• BPERFORMING OPERATIONS; TRANSPORTING
    • B64AIRCRAFT; AVIATION; COSMONAUTICS
    • B64CAEROPLANES; HELICOPTERS
    • B64C2201/00Unmanned aerial vehicles; Equipment therefor
    • B64C2201/10Unmanned aerial vehicles; Equipment therefor characterised by the lift producing means
    • B64C2201/102Deployable wings, e.g. foldable or morphing wings
    • BPERFORMING OPERATIONS; TRANSPORTING
    • B64AIRCRAFT; AVIATION; COSMONAUTICS
    • B64CAEROPLANES; HELICOPTERS
    • B64C2201/00Unmanned aerial vehicles; Equipment therefor
    • B64C2201/10Unmanned aerial vehicles; Equipment therefor characterised by the lift producing means
    • B64C2201/108Unmanned aerial vehicles; Equipment therefor characterised by the lift producing means using rotors, or propellers
    • BPERFORMING OPERATIONS; TRANSPORTING
    • B64AIRCRAFT; AVIATION; COSMONAUTICS
    • B64CAEROPLANES; HELICOPTERS
    • B64C2201/00Unmanned aerial vehicles; Equipment therefor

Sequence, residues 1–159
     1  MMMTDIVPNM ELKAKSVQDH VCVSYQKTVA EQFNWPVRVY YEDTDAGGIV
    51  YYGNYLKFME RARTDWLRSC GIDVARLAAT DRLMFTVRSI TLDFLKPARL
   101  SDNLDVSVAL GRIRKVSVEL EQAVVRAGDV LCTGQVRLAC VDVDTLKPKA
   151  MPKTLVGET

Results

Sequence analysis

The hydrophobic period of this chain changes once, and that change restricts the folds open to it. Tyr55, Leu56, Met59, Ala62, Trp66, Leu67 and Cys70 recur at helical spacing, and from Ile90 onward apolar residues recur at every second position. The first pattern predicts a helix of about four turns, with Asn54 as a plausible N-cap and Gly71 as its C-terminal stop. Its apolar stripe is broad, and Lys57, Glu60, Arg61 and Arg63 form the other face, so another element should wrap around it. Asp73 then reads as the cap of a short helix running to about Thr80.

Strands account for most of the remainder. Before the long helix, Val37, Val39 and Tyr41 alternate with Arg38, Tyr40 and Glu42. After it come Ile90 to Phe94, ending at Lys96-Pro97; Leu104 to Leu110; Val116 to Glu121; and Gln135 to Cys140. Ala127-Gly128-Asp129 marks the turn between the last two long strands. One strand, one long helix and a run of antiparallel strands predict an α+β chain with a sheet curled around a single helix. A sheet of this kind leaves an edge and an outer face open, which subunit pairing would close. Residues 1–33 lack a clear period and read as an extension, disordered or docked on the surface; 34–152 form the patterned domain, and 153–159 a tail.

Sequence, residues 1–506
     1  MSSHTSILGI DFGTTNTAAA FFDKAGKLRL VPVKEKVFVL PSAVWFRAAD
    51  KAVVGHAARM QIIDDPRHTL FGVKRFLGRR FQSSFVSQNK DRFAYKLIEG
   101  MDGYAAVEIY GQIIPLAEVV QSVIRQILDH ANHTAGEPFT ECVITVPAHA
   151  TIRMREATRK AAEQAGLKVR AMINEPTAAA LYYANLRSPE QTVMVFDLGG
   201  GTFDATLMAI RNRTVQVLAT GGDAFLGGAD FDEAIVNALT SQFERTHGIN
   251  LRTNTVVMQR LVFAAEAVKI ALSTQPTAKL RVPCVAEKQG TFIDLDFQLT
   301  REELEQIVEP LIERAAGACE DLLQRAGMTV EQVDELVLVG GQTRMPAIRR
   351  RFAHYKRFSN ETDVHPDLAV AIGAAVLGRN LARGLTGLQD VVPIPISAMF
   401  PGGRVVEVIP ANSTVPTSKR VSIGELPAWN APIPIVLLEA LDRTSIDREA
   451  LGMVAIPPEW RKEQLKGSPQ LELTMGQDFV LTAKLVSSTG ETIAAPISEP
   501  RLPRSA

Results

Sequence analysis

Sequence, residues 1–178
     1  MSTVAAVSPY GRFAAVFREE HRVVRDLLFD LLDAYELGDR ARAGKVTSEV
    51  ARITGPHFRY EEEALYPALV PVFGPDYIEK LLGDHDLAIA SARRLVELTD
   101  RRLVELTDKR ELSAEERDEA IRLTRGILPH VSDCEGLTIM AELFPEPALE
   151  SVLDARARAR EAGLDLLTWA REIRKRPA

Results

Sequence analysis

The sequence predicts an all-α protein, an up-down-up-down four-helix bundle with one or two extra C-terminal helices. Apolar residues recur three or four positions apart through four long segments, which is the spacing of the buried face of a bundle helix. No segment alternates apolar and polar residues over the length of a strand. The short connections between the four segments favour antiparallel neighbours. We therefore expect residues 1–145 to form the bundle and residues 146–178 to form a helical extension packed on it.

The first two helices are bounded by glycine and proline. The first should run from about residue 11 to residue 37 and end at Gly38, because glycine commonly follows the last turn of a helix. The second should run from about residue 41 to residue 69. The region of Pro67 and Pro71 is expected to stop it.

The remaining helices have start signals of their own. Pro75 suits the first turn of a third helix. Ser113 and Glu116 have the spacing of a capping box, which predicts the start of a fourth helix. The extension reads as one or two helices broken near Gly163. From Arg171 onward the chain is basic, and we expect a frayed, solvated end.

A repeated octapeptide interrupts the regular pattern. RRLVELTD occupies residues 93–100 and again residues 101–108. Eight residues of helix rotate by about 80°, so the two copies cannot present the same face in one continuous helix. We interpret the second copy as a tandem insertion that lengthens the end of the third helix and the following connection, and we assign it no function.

• B64C2201/16Unmanned aerial vehicles; Equipment therefor characterised by type of propulsion unit
    • B64C2201/162Unmanned aerial vehicles; Equipment therefor characterised by type of propulsion unit using ducted fans or propellers
    • BPERFORMING OPERATIONS; TRANSPORTING
    • B64AIRCRAFT; AVIATION; COSMONAUTICS
    • B64DEQUIPMENT FOR FITTING IN OR TO AIRCRAFT; FLYING SUITS; PARACHUTES; ARRANGEMENTS OR MOUNTING OF POWER PLANTS OR PROPULSION TRANSMISSIONS IN AIRCRAFT
    • B64D27/00Arrangement or mounting of power plant in aircraft; Aircraft characterised thereby
    • B64D27/02Aircraft characterised by the type or position of power plant